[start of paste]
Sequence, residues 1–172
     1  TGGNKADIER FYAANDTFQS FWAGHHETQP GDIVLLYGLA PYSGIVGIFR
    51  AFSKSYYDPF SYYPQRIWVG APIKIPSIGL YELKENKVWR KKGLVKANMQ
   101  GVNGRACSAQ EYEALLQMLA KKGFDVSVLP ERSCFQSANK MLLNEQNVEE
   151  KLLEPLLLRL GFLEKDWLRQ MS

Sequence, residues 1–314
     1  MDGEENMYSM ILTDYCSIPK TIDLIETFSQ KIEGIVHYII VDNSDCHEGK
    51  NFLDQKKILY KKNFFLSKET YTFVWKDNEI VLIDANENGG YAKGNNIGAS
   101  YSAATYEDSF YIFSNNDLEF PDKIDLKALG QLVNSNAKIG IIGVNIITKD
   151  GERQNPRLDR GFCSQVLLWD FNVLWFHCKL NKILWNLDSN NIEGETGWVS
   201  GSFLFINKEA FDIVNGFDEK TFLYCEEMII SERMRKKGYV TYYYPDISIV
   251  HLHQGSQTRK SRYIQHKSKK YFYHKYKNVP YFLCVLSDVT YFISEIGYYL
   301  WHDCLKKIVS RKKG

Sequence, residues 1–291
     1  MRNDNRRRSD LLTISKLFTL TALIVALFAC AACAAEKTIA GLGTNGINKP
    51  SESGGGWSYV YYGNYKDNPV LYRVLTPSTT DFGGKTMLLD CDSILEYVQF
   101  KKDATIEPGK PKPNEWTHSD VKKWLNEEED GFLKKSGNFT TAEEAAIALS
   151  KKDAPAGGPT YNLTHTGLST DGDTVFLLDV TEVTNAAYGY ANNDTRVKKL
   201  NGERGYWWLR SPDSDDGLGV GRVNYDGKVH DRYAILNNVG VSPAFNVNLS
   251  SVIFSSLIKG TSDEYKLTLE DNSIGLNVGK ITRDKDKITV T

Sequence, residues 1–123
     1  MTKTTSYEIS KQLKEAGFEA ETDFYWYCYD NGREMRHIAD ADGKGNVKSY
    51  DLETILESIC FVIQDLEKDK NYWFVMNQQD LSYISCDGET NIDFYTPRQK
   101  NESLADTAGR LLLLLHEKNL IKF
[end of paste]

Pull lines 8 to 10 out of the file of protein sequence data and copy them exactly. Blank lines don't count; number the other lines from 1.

    51  NFLDQKKILY KKNFFLSKET YTFVWKDNEI VLIDANENGG YAKGNNIGAS
   101  YSAATYEDSF YIFSNNDLEF PDKIDLKALG QLVNSNAKIG IIGVNIITKD
   151  GERQNPRLDR GFCSQVLLWD FNVLWFHCKL NKILWNLDSN NIEGETGWVS